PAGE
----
Particularly worrying for some Caribbean countries is that, in addition to these persistent problems must now be added economic decline in China and Venezuela which, in the last decade, have helped to stabilize their economies through the provision of concessional financing for infrastructural development and oil supplies.
The general external environment does not help. Seventy years after the formation of the United Nations when the world pledged “to promote social progress and better standards of life in larger freedom”, the reality is that individual countries
of the Caribbean –– and more especially the English-speaking countries –– remain on the margins of international concern. There is much talk of the special needs of small states, but not much special help responsive to those needs.
This year will be the 50th anniversary of Independence of Guyana (May) and Barbados (November), and there will be great rejoicing of nationalism and expressions of pride in achievement. Indeed, there has been some of that and there is cause for celebration of strides in education, particularly and in the creation of a new middle class. But every country could have been better off individually and collectively.
The pressing and –– in some cases –– overwhelming issues that no country can effectively tackle could have been better met through Caribbean integration that was the strategic plan for avoiding the worst that has befallen them. But, integration has not taken place and almost no Caribbean person has any belief that it will.
However, that strategic plan of Caribbean integration was not flawed. The flaw was in the failure to meet its commitments and so fulfil its promises. The best prospect of success for Caribbean countries to improve the lives of their people and to mean something in the world remains in their integration.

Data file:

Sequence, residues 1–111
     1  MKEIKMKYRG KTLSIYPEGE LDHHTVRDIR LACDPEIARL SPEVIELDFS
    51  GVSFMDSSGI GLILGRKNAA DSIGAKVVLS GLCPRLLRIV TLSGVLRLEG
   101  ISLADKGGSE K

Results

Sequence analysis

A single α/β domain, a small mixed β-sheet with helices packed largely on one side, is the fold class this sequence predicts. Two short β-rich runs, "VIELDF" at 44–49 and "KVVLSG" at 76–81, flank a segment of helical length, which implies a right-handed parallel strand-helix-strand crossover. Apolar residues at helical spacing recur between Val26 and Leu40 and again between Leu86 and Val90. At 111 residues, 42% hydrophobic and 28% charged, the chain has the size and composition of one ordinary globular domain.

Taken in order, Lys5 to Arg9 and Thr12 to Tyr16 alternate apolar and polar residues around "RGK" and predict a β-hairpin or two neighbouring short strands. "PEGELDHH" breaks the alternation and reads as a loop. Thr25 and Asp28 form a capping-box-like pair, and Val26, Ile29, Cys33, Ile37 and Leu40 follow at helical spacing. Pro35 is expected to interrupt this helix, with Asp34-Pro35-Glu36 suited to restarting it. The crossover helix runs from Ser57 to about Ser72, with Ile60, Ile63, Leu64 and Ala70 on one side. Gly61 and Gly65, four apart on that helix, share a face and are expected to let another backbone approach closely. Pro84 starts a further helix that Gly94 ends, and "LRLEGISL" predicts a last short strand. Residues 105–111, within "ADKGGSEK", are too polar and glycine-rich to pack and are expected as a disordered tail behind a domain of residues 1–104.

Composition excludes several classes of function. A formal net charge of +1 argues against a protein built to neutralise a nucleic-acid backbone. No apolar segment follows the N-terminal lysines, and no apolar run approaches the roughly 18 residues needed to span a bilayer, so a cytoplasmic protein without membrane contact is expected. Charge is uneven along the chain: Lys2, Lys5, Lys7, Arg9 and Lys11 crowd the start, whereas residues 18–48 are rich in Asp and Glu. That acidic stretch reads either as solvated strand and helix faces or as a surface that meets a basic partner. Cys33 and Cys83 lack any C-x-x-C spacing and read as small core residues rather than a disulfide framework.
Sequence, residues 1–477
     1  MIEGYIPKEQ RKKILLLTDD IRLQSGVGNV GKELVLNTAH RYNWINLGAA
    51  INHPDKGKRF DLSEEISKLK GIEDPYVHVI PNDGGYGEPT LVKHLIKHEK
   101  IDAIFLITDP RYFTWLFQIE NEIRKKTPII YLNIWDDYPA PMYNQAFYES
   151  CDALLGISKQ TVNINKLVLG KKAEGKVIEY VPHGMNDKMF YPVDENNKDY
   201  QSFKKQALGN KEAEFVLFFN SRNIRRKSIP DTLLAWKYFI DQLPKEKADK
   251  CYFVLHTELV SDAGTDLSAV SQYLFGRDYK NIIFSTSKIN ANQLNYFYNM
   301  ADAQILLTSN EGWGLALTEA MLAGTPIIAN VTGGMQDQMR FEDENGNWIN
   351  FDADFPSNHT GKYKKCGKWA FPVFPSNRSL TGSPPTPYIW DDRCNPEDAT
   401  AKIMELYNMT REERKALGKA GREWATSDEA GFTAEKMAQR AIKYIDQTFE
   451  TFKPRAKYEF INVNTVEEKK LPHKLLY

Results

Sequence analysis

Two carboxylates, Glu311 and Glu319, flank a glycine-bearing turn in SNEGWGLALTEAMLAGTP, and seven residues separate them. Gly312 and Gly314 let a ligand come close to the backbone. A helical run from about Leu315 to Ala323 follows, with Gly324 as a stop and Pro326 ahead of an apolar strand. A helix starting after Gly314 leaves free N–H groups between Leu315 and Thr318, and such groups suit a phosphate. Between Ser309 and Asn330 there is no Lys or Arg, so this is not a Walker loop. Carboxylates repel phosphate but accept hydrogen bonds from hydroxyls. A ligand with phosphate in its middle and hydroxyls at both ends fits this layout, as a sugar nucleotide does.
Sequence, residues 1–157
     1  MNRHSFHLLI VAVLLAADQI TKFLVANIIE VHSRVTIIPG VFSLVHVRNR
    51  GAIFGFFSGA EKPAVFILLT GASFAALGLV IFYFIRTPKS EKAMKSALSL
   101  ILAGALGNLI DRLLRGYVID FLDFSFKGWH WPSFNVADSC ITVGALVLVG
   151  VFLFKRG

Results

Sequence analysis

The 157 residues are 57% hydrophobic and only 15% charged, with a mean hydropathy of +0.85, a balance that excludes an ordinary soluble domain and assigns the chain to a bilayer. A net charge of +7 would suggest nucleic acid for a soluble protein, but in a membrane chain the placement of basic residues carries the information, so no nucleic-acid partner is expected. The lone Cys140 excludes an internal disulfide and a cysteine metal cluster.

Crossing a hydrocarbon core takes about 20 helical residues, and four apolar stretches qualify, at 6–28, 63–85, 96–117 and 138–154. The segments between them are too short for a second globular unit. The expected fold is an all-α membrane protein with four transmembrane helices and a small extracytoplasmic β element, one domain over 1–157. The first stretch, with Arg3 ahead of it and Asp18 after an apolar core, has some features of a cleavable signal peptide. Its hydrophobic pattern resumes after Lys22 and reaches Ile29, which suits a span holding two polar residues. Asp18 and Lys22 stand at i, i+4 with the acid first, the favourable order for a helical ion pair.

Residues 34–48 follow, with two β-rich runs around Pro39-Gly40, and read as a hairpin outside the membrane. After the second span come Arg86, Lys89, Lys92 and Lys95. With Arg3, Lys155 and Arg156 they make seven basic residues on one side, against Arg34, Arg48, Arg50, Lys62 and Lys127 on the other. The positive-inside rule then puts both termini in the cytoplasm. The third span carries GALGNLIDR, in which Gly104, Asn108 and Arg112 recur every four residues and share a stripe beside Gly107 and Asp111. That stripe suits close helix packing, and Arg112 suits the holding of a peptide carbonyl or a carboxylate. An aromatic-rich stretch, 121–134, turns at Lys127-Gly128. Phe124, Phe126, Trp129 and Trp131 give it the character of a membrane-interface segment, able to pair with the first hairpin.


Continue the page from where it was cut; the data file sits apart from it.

To be clear, integration does not mean subjugation; it does not require surrender of national pride. What it means is a pooling of strengths in the international community to bargain more effectively; establishing the joint machinery to combat terrorism and drug trafficking; enlarging our markets for investment by linking them into one; widening the scope and scale for employment and human growth by removing the barriers that impede them but were never there when the countries of the region were part of someone
Will the English-speaking Caribbean nations continue year after year in insecurity, uncertainty and anxiety deceived by delusions of sovereignty and power that retard their real potential for betterment? The region’s New Year resolution should be to make integration of the Caribbean a reality –– to let the strength of solidarity of one people conquer the weakness of separateness.
It can never be too late to do what is right.
(Sir Ronald Sanders is Antigua and Barbuda’s Ambassador to the United States and the Organization of American States. He is also senior fellow at the Institute of Commonwealth Studies, University of London, and Massey College,
University of Toronto.
The views expressed are his own. Responses and previous commentaries: www.sirronaldsanders.com)